Saturday, 1 August 2015

July and a fine British Summer.

What a disaster July has been for weather, after a promising start the weather became wet, dull and even cold, there has been barely a day when one could be confident it wouldn't rain. Of course it is all my fault for growing bedding plants after a gap of a few years after two particularly bad summers when I vowed I never would again.

 My single Cardiocrinum flowered earlier in the month but lost its petals quickly in the adverse weather conditions. I know many gardeners probably think I am fortunate to have one but I do miss when I had five in flower together, they are a breathtaking sight and the scent is totally over powering. Click on the lily page to see them in their true glory near the top of the page.



 Unusually I bought this plant of Meconopsis napaulensis rather than raising it from seed as I have done in the past. One thing with many Meconopsis is that they die after flowering (monocarpic) so you have to be prepared to keep a continuous supply of new plants. This Satin Poppy is the yellow form which was a bit unfortunate as I would have preferred the pink one, still a lovely plant though.




This is a truly wonderful plant, the Japanese Water Iris, Iris ensata, needs the exact opposite in growing conditions from the large flowered rhizomatous irises, preferring damp cool conditions to give of their best. These are grown from seed which means that a diverse range of colours has been produced.






 -------------------------------------------------------------------------------------------------------



By contrast the flowers of the Gladwyn Iris, Iris foetidissima are totally insignificant but with a bit of luck, if the slugs don't get them, the seed heads will open to reveal large deep red seeds through the winter months.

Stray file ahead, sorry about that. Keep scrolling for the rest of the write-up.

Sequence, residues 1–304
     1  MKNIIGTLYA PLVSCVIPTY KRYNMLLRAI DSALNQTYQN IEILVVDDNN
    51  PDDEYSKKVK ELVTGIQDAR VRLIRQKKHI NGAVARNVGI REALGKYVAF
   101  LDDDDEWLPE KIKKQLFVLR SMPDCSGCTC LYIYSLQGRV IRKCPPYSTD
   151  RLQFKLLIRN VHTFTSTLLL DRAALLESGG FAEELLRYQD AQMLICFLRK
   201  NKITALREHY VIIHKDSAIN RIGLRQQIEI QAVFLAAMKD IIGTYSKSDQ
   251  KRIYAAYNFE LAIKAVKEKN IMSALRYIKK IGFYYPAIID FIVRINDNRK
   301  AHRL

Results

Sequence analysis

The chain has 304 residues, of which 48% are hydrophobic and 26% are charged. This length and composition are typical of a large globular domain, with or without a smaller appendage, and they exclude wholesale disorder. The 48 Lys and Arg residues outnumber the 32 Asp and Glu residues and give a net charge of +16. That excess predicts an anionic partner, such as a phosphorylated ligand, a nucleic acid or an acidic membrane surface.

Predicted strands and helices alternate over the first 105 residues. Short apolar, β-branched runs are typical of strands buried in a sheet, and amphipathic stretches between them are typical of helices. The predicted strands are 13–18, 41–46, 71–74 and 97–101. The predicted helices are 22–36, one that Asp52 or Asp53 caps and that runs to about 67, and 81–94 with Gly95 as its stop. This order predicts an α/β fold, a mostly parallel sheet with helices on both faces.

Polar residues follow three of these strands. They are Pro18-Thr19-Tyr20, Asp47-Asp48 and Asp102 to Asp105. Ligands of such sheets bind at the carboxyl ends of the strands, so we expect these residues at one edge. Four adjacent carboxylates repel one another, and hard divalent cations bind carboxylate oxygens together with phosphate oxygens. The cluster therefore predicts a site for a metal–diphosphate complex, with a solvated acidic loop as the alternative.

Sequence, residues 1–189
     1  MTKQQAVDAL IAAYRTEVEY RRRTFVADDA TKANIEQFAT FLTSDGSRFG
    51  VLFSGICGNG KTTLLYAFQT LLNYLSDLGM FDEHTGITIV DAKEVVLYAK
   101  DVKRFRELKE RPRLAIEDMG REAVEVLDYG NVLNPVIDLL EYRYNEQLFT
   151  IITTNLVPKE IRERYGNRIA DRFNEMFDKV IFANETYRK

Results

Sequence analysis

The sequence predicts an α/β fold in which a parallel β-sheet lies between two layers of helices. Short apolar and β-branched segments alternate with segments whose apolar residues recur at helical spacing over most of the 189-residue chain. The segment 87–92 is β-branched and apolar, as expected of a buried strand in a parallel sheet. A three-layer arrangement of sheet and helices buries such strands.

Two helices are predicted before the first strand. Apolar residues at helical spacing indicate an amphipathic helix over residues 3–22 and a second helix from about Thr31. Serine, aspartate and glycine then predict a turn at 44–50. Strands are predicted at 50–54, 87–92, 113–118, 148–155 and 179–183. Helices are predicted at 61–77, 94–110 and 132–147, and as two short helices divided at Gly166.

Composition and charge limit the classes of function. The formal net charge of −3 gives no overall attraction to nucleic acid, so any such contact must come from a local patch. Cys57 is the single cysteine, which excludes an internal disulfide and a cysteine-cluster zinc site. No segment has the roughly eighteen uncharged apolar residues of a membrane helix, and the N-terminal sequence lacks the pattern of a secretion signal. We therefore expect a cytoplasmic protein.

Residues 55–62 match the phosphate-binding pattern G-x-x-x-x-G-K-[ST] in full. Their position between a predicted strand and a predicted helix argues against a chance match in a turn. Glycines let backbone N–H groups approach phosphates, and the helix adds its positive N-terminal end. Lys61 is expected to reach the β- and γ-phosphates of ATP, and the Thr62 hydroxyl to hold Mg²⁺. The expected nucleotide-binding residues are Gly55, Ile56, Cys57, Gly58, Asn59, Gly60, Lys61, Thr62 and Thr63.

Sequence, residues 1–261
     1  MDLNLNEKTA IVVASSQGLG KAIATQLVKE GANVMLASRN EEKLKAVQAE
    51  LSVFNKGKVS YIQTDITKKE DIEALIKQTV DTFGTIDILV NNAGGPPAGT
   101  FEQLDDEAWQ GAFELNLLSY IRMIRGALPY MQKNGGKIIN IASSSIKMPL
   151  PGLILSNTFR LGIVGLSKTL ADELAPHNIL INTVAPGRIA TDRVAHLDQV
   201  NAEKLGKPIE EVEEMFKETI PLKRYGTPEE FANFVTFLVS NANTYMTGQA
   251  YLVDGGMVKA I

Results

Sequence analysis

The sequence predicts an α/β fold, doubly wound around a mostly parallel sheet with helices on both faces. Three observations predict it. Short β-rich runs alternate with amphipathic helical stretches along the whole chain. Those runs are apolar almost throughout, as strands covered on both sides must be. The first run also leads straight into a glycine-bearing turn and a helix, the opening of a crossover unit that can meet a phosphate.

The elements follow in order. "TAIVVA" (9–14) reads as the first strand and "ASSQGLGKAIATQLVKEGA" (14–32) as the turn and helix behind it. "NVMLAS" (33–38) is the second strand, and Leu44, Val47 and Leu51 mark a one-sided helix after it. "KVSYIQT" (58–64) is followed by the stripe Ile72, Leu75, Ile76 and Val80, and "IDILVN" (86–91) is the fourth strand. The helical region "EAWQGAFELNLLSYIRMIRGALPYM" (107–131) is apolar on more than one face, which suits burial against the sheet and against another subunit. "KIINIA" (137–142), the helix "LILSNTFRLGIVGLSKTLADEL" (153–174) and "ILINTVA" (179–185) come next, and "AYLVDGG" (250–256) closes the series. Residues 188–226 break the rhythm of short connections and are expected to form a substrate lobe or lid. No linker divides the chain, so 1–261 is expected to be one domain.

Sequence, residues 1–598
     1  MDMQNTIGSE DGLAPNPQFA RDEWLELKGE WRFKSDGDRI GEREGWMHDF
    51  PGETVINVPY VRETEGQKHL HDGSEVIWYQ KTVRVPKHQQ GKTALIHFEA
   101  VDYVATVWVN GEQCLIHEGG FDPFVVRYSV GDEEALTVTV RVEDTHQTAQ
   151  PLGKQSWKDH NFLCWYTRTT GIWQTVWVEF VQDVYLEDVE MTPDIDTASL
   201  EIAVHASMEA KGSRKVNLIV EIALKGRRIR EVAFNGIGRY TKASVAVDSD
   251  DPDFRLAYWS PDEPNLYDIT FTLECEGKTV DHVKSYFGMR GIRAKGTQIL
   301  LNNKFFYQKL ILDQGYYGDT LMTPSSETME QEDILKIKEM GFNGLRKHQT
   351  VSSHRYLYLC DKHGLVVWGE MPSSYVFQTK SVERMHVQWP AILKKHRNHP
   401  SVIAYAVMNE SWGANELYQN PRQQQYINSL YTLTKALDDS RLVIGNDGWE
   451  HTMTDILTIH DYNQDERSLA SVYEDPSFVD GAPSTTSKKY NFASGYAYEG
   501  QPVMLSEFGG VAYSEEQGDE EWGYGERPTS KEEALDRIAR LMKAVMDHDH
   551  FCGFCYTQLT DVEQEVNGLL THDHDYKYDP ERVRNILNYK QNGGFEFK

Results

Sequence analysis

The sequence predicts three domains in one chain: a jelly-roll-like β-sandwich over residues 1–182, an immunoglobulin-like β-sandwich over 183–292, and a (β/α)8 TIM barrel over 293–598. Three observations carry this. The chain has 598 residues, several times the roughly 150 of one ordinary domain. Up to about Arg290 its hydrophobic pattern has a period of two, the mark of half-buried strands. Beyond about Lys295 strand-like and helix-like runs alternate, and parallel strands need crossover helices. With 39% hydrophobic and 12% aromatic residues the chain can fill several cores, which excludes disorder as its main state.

Here are a few pictures of what has been going on in the borders in July:



The shell pink of the Geranium contrasts well with the brunnera.



 The Giant Himalayan Cowslip, Primula florindae has now taken over from the candelabras.

 




-----------------------------------------------------






   Although thought to be "common" by some, Astilbes add some vital colour at this time of the year in a damp garden like mine.

 

Early in the month as the Viburnum plicatum 'Mariesii' fades to pink the flower bracts of Cornus kousa are showing.

 

 In the "woodland" the lush berries of the toxic Actaea rubra are showing.......................


............................Funnily enough these Arum italicum should have seed heads of a similar colour come winter, the spathes are so uninspiring I am always tempted to pull them up but the promise of the seed heads has so far dissuaded me. 
 
Poly-tunnel
I have scrapped my old poly-tunnel after years of service and three new covers and replaced it with a new one, these pictures of some of this year's seedlings were taken last week and will be the last from the old one. I can actually stand up in my new one instead of constantly stooping which didn't do my back any good, the irony is that I have been hobbling about since re-gritting the staging etc. having strained it!






Notice the self sown farinosa type primula seedlings growing on the bench.


 The seedlings are mainly Meconopsis and Primulas, first sown cold in early January and now many are ready to be potted on again into 1 litre pots and may even be planted out later this year.




Here is a "clump" of containers holding a mixture of perennials and some of the dreaded bedding which is the reason for all this bad weather!

15 comments:

  1. Your Cardiocrinum, astilbe and especially your iris ensata were magnificent.
    Here we had perhaps 1cm of rain in the last 4 weeks. Everyday was hot and sunny - very nice on a beach, not so nice in a garden. Every night is spent watering. They forecasted rain for today and the next three days but we hardly had a cloud today.
    A few things are happy, most are very thirsty.
    In the poly-tunnel here (where I just have tomatoes and squash), temperatures were at least 50C at noon (with both ends completely open). Which July weather is better - yours or mine, I think it would be hard to decide!

    ReplyDelete
  2. Hi Alain, the problem we have in a year such as this is that pretty much every day is a "grey day", those in summer being warmer than those experienced in winter. Although you have your extremes I am sure many gardeners here would prefer to have a better delineation between winter and summer with more typical weather for each season.